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Technology, Digital Natives and How to Connect Them Safely.

Reading through Diana’s post yesterday I noticed that many of my previously considered topics were present in her ideas: cyberbullying, the role of parents in controlling Digital Natives’ access to the Internet, the ideal extent of this control, the abuses it might reach, etc. Although I’m in Brazil and Diana is in North America, we as Digital Natives ultimately experience similar issues concerning safety in the online sphere.

With a simple google search, one can find multitudes of sites which list parents’ concerns regarding their young Digital Natives and Internet safety. Here in Brazil, I found websites regarding how to make computers safer for youth, how many parents are becoming virtual spies of their own children, and legislation which suggests various types of Internet monitoring..

These concerns are sometimes supported by frightening stories that exemplify negative use of the Internet. I myself have such a story:

In Brazil, Orkut is “the” networking website. While initially, users were only granted access through an invite, Orkut later changed its policy to admit anyone who wanted to join. Ultimately, the site picked up in popularity and users began using its tools to connect to other people, and publish photographs and personal information, including about family members. Unlike Facebook, Orkut initially did not have privacy tools to block users from accessing such personal information.

Around this time, we began to hear news stories about people who received false calls which ended up being money scams. The calls were meant to fake kidnappings and force parents to make money transactions in order to release a hypothetically kidnapped relative. Parents, mine included, started ordering their children to erase all pictures and personal information from the Internet, and Google almost shut down Orkut in Brazil due to crimes that were happening through the website.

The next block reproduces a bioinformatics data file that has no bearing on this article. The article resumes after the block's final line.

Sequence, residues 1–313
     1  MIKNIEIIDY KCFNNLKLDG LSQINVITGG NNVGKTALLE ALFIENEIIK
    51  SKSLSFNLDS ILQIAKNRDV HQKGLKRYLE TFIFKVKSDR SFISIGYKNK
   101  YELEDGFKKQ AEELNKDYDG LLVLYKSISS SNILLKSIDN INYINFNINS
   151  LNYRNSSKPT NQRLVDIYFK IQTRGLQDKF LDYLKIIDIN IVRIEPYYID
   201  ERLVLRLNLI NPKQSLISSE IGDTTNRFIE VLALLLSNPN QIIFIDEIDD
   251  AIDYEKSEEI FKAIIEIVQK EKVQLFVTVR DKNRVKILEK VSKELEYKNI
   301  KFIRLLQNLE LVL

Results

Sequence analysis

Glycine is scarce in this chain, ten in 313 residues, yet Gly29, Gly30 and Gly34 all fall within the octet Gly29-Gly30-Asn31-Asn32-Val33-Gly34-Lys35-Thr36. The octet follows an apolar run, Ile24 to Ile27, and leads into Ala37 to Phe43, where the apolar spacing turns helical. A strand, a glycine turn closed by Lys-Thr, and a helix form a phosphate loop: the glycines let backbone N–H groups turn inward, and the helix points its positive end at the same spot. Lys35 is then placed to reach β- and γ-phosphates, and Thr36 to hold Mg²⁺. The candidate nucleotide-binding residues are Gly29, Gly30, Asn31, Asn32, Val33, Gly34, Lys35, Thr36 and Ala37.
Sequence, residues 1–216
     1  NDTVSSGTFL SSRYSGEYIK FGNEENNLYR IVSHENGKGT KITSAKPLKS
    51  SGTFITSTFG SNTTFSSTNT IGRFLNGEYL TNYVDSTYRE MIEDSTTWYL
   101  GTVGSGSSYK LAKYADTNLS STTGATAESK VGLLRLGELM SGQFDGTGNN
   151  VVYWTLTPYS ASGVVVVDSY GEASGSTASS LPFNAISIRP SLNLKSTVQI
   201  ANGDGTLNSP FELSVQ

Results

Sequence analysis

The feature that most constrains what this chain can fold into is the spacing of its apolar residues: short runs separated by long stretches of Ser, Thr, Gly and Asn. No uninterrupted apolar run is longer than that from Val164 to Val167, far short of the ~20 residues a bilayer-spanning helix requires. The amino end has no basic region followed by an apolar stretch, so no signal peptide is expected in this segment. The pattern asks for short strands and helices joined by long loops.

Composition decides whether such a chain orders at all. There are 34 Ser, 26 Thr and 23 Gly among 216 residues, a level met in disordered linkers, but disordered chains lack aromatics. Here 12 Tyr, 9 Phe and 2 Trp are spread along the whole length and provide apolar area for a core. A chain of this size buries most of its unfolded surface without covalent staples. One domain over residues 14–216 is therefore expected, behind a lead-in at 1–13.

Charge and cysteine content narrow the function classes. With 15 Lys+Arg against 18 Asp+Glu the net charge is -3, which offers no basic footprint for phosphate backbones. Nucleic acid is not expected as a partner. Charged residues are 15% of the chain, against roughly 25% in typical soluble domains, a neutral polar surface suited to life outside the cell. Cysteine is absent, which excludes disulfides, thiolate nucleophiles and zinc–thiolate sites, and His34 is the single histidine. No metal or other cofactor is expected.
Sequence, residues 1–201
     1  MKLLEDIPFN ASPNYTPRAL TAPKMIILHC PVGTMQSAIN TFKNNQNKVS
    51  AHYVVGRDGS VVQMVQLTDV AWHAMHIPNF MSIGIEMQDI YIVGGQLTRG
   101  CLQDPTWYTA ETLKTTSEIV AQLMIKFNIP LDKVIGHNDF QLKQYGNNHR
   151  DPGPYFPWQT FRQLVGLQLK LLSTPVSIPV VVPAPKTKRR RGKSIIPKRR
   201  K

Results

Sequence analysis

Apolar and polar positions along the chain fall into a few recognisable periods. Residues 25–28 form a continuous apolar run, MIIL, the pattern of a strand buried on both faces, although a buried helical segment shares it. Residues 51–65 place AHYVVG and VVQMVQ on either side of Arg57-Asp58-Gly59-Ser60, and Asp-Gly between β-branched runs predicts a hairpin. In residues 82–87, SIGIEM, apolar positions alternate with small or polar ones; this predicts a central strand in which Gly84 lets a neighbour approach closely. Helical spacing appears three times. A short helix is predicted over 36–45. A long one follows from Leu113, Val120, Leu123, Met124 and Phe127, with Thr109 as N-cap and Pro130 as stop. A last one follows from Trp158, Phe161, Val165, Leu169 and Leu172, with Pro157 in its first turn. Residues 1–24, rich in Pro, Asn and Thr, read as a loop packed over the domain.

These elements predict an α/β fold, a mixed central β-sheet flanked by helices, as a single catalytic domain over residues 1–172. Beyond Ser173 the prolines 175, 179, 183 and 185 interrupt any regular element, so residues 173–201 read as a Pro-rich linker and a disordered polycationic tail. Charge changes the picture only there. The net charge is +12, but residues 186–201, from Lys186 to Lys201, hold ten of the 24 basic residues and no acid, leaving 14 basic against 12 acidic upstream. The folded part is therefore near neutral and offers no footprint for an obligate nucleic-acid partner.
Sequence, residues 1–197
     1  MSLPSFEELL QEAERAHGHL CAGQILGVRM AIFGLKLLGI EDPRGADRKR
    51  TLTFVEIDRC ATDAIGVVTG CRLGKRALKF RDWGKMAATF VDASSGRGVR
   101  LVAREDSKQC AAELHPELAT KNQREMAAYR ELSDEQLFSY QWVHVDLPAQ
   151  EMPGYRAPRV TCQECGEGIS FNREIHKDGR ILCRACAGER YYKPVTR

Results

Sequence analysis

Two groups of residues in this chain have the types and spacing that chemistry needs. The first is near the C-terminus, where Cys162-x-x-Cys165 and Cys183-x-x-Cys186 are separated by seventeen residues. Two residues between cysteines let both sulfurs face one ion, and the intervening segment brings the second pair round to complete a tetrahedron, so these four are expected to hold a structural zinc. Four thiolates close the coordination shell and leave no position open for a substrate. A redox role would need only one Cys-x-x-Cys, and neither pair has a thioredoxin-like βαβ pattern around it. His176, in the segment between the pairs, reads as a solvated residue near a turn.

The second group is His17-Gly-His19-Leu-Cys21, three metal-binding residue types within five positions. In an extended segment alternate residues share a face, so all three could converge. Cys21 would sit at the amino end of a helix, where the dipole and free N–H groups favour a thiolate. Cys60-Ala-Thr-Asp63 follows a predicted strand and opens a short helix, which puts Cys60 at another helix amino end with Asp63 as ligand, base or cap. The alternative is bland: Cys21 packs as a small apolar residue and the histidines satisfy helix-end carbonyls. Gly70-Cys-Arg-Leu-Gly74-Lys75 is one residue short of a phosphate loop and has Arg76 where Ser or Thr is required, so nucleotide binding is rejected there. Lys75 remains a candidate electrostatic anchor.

All that naturally brings us to a discussion about how Internet safety policies are often built upon fears of occurrences such as the one described above. While we think of ways to improve the Internet safety for Digital Natives, we often simultaneously forfeit other rights, such as privacy.

According to Born Digital, “the introduction of the Internet as a mass medium, and one that is particularly alluring to young people, has given rise” to a generalized fear of what is being done on this mean of communication. “Our challenge is to parse out which of these fears are worth worrying about, and then to figure out how to deal with them. At the same time, we need to resist the temptation to reach for simplistic, politically expedient solutions that will do more harm than good.”

One important topic lately discussed in Brazil that exemplifies a “politically expedient solution” is a law project on cybercrimes created by Senator Azeredo that has been voted to be approved. The “Digital Crimes Bill”, which aims to punish 13 new cybercrimes has gained mass opposition from the online community which claims that it is not only an invasion of privacy but impedes on the right to free speech. Such an initiative attempts to justify a trade-off of privacy for safety, as Palfrey and Gasser note in Born Digital.

Digital Natives’ safety has undoubtedly raised some concerns, especially among parents: What are these youths being exposed to on the Internet? With whom are they chatting? How do we prevent Digital Natives from accessing harmful content? Most importantly, to what extent are we willing to give up our privacy for safety?

– André Valle